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Does Turkey offer a model that the Mideast can emulate? 13 avril 2012

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The Daily Star (Lebanon) April 13, 2012, p. 7                                     Türkçe

By Nora Fisher Onar *

Turkey is often touted as an inspiration for the countries of the rest of the Middle East – a characterization it accepts and pursues. In recent years, Turkish policymakers have worked hard to establish “Turkey Inc.” as the model of a relatively free, stable and increasingly prosperous Muslim-majority country with great economic and foreign policy leverage. But what does the Turkish experience actually represent for the states of the Arab Middle East? How convincing is Turkey, Inc. – and as a model can it really be emulated?

Perhaps the most attention has been paid to the free and fair rise to power of Turkey’s Justice and Development Party (AKP), which Islamist movements in Egypt, Tunisia, Morocco and Syria have heralded as a symbol of Muslim majoritarian democracy – even explicitly referencing it in the names and platforms of their own parties, movements and factions. To both domestic and international observers, this might signal that, like the AKP in Turkey, Islamist parties elsewhere do not seek to dismantle their states’ secular framework – at least for the time being.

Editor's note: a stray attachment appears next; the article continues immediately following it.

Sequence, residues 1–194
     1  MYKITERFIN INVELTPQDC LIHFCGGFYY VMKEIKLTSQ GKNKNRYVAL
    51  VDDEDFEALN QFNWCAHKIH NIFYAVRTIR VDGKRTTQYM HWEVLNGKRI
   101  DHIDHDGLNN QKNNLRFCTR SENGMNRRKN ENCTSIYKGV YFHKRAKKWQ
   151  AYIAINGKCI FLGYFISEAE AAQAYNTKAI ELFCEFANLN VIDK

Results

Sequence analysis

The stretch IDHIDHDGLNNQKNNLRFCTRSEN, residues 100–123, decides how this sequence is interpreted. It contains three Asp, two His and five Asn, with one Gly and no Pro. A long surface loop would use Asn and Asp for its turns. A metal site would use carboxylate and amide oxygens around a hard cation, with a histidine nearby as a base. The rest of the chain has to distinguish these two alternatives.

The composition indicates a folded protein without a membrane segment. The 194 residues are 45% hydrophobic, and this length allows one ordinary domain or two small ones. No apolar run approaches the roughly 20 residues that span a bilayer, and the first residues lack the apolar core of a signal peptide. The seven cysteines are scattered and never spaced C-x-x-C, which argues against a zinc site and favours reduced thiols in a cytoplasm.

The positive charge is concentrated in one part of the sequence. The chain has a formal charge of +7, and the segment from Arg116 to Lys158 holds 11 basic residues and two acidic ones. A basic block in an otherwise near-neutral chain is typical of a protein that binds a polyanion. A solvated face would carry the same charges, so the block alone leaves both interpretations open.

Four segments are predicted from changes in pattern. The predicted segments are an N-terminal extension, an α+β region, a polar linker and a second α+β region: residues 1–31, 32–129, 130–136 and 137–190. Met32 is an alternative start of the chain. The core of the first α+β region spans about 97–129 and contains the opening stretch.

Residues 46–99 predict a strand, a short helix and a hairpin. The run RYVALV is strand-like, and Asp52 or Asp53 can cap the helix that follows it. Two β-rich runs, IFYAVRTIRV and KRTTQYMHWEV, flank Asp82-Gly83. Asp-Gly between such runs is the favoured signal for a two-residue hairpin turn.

But in spite of its appeal to both traditional Islamists and “post-Islamists” – that is, those who fully reconcile their particular politico-religious commitments with globalization – the Turkish formula may not be replicable. Civil-military relations in Turkey have undergone a double-sided transformation over recent decades. As a consequence of the intermittent censure by the army, political Islamists had to moderate their demands and practices; simultaneously, the Turkish army – accustomed to the barracks and aware that interference in government hurt Turkey’s international standing – increasingly relied on civilian allies to pursue its agenda vis-à-vis the AKP.

Eventually, the military relinquished control of crucial institutions (such as the National Security Council), and the final showdown over control of the presidency in 2007 was fought not with bullets and tanks, but with Web declarations, public rallies and court cases. A similar tipping point regarding civilian control of the state is hardly a foregone conclusion in countries still under transition, where national militaries continue to exert a dominant presence in political life.

Other countries in the Middle East also lack the trajectory that Turkey has followed with regard to its economic development. This is particularly true of the export-driven rise of the middle class that has been experienced by religious constituencies across the Anatolian periphery. Such a trend has underpinned the AKP’s moderation, political success and interregional presence. Indeed, Turkey’s recent economic trajectory is a central component of its appeal in the Arab world.